I'll try explaining it the other way around, with a real-life case. There have been several cases that fit this pattern.
A cop wants to bust a bad guy. That cop gets his wife, a teacher, to pretend to be the DA and tell the bad guy he's authorized to do $crime. Cop busts the bad guy.
In court, bad guy says "the DA said I could ... at least, I thought she was the DA. The real DA replies "I never said a word to the guy. Some teacher said it was authorized, but she has no authority to authorize anything."
In such case, the courts have consistently held that the defendant is not guilty, because they THOUGHT that their actions were authorized and therefore lawful.*
So you see it doesn't matter if the person "authorizing" it is really a cop, a teacher, or a DA. What matters is what the defendant BELIEVES - whether they are trying to commit an act that is criminal or they are trying to aid law enforcement. The legal term is "mens rea", which means "guilty mind",'also known as "criminal intent ".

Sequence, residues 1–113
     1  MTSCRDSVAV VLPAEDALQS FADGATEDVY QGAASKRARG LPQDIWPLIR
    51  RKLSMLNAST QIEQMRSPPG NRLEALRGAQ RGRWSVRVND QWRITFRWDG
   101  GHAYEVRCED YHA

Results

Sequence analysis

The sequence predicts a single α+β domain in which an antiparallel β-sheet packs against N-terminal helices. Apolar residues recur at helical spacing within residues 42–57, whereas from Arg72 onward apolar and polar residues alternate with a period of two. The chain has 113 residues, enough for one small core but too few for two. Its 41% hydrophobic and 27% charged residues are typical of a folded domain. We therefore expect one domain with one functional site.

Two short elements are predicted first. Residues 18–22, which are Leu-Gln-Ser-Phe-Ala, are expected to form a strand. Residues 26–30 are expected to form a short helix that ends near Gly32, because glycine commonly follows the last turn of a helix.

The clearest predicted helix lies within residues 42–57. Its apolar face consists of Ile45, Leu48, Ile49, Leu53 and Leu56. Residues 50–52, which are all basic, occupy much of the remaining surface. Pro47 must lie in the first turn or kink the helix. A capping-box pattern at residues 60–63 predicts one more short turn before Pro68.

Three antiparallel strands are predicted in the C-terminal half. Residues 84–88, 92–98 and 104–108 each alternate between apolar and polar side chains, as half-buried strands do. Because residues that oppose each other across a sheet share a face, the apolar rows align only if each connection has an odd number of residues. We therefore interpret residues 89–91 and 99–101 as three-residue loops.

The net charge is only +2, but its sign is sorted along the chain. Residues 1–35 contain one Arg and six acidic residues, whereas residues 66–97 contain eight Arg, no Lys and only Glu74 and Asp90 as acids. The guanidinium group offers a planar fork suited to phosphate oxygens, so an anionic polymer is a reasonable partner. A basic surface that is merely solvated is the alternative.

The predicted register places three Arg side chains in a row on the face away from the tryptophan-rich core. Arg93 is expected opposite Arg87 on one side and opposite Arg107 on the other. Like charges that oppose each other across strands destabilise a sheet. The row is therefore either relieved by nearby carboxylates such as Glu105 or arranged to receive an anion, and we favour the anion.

You are free to think that the courts should have done the opposite and found the person guilty when the "DA" actually isn't a DA. You can think it's wrong or right, but what actually sends people to prison or not in such cases is their actual belief - did they believe their act was authorized or not. The actual identity of the authorizing party does not matter under law.
* This mention of mistaken belief reminds some people of the phrase "ignorance of the law is no excuse". Ignorance of the LAW generally isn't an excuse, but mistake of FACT IS an excuse. "I didn't know poisoning my husband counts as murder" is no good. "The bottle said 'blueberry syrup', so I thought it really was blueberry syrup that I put on his food" is a valid defense. Here we're talking about mistake of fact - the defendant thought the person was (or was not) a proper authority.